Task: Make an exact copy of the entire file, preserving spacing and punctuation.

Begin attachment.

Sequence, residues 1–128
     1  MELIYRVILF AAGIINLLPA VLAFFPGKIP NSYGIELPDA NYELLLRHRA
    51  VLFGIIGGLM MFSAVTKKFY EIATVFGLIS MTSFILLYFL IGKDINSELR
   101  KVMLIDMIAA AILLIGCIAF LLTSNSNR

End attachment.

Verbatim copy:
Sequence, residues 1–128
     1  MELIYRVILF AAGIINLLPA VLAFFPGKIP NSYGIELPDA NYELLLRHRA
    51  VLFGIIGGLM MFSAVTKKFY EIATVFGLIS MTSFILLYFL IGKDINSELR
   101  KVMLIDMIAA AILLIGCIAF LLTSNSNR